I called Roxy a Ditz-Weiler almost from the moment I met her. Our previous Rottweiler had been a typical grouchy, large and aggressive male. More than ten years had elapsed since then and I worried about dealing with a temperamental canine and equally excitable adolescents. I shouldn’t have worried.
Roxy took to all of us as quickly as we took to her. She didn’t know what to think of our cuddles and hugging in the beginning, but eventually she craved the affection almost as much as she craved food. She learned quickly, especially if a treat appeared as a reward for a job well done. Roxy even learned how to speak on command (not easily taught to Rottweilers) and how to track (search and find or follow a path laid down by Rachelle in a field).
Roxy met me at the door each evening, usually with her toy clenched eagerly in her mouth, wiggling her nubbin of a cropped tail so much her back legs would dance and skitter around.
For Terry, Roxy preferred to jump up in his lap while he relaxed in his recliner, sometimes with a warning and sometimes not. Roxy never understood that ninety-five pounds does not a lap dog make.
I asked my husband and kids to suggest some of their fond memories of Ditzy Roxy and I’ll share them here:
There was the time Roxy got locked in the basement storage room. A dog that clearly knows how to bark, but yet she was quiet as a mouse the entire time we searched for her, inside and outside the house. For a couple of hours we roamed the neighborhood and drafted friends to drive and walk the streets. Rachelle finally found her in the basement about the time we’d given up hope.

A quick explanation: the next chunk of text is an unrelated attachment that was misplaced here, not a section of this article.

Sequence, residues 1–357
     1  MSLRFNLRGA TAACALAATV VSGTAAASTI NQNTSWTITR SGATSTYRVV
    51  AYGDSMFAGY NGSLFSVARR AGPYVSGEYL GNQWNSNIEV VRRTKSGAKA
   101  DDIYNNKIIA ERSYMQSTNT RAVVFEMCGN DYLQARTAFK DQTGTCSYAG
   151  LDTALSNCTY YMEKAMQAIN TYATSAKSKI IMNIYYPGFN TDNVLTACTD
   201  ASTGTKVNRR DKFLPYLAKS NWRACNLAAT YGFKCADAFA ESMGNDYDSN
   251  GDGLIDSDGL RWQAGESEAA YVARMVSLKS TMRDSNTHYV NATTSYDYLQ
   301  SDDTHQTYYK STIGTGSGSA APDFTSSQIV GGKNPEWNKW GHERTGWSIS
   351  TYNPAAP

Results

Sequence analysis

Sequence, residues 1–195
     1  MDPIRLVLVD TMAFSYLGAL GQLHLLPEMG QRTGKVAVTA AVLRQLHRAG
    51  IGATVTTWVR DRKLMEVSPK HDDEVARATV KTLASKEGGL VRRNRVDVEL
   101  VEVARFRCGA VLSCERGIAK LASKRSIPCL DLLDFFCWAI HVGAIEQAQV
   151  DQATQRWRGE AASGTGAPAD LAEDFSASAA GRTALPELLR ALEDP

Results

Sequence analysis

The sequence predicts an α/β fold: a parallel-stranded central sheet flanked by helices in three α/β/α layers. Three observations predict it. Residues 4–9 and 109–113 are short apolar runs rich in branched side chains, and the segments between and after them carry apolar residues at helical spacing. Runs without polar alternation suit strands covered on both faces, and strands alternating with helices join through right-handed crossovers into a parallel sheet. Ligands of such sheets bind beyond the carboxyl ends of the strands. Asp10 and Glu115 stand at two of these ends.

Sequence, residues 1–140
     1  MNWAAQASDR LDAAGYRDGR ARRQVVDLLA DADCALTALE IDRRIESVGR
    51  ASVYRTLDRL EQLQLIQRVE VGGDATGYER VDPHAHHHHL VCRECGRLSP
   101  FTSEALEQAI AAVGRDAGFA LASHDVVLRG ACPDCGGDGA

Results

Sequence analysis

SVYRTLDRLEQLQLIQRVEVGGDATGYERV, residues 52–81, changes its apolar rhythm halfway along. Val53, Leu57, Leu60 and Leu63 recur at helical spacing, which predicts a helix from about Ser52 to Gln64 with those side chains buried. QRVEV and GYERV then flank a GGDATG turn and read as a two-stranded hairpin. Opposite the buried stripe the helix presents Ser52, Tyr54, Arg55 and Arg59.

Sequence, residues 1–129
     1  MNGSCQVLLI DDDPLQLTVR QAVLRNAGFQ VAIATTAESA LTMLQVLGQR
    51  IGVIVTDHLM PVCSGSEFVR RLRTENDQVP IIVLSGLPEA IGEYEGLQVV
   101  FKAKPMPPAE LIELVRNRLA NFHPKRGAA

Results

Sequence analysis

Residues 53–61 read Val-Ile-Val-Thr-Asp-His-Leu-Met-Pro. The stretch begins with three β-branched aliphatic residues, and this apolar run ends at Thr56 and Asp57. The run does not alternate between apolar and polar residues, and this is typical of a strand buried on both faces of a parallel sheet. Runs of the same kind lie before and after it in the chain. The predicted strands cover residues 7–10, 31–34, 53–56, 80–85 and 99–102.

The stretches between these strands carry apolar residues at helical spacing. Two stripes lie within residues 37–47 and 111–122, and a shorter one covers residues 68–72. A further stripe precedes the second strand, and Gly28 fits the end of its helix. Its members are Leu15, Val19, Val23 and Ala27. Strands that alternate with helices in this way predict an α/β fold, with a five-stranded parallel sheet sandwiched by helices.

One year we had several giant fifteen gallon plastic planter pots in the back yard, leftover from growing tomatoes. Roxy would play with the pots (this was before we rescued Apollo). She would throw them all over the yard, chase them, pick them up and shake them. Sometimes the pots would end up over her head and she would just keep running around the back yard, growling and shaking her head, until the pot fell off and she would start all over again.
The real icing on the cake (or rather the mud in this case) occurred in May of 2007. We received quite a bit of rain, which resulted in our sump pump running frequently. The pump is located in the basement, in the same storage room where Roxy had gotten lost in. The pipe exits the foundation in the northwest corner, still within the fenced in back yard. Whenever the pump would kick on, if Roxy happened to be outside, she would run to the pipe, and start barking at it. On the day we took the photo below, she had not only barked at the pipe, but dug down around it and even managed to disconnect the pipe in the ground from the pipe in the foundation. The result of her misadventure is clearly visible below.
So why did I nickname her a Ditz-Weiler? Simply because she really should have been a blonde. Roxy trusted us implicitly and enthusiastically. Being a family of practical jokers, we could not always resist the temptation to pull one over on our gullible Rottie (see my previous post on Derek taunting Roxy). And she rarely pouted, forgiving us instantly, showering us with her affection (and sometimes her slobber) unstintingly.